SEX AND LIES
by Gene McConnell and Keith Campbell
Pornography communicates its own “truths” about women. Unfortunately, they're all lies.
Lie # 1: Women are less than human. The women in Playboy magazine are called “bunnies,” making them cute little animals or “playmates,” making them a toy. Porn often refers to women as animals, playthings, or body parts. Some pornography shows only the body and doesn’t show the face at all. The idea that women are real human beings with thoughts and emotions is played down.
Lie #2: Women are a “sport.” Some sports magazines have a swimsuit issue. This suggests that women are just some kind of sport. Porn views sex as a game and in a game: You have to win, conquer or score.
Lie #3: Women are property. It's common to see pictures of the slick car with the sexy girl draped over it. The unspoken message is, “Buy one, and you get them both.” Hard-core porn carries this even further. It displays women like merchandise in a catalogue, exposing them as openly as possible for the customer to look at. It's not surprising that many young men think that if they have spent some money taking a girl out, they have a right to have sex with her. Porn tells us that women can be bought.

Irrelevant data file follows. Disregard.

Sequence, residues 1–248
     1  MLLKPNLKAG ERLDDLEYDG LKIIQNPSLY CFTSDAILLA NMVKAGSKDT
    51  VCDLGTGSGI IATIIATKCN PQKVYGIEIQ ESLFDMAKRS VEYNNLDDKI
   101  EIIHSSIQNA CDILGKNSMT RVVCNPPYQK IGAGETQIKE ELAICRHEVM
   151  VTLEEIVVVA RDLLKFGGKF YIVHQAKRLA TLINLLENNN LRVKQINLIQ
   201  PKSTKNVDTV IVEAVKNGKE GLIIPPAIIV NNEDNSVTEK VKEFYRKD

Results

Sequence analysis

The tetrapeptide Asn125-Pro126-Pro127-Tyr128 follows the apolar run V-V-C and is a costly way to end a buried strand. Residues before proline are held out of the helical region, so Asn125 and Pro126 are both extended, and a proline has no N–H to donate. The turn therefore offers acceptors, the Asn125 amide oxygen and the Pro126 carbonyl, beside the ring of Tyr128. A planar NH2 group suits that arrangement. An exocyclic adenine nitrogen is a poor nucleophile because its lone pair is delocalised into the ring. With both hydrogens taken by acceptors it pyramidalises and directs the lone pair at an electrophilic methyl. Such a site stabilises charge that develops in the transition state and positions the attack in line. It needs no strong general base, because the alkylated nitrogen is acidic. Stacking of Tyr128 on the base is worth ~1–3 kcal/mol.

Lie #4: A woman's value depends on the attractiveness of her body. Overweight or less attractive women are ridiculed in porn. They are called dogs, whales, pigs or worse, simply because they don't fit into porn's criteria of the perfect woman. In fact, if someone is attracted to a heavyset woman, porn labels that a fetish, which means sexual obsession or hang-up that isn't "natural." Porn doesn’t care about a woman's mind or personality, only her body.
Lie #5: Women like rape. “When she says no, she means yes” is a typical porn scenario. Women are shown being raped, fighting and kicking at first, and then starting to like it. Porn eroticizes rape and makes it arousing. Women are shown being tied up, beaten, and humiliated in hundreds of sick ways and finally begging for more. Even while being tortured, the porn actors and actresses have a smile on their face — a look of intense enjoyment. Porn teaches men to enjoy hurting and abusing women for entertainment.
Adapted from the Dare to Dig Deeper booklet "Toxic Porn", by Gene McConnell and Keith Campbell. Copyright © 1996 Focus on the Family.
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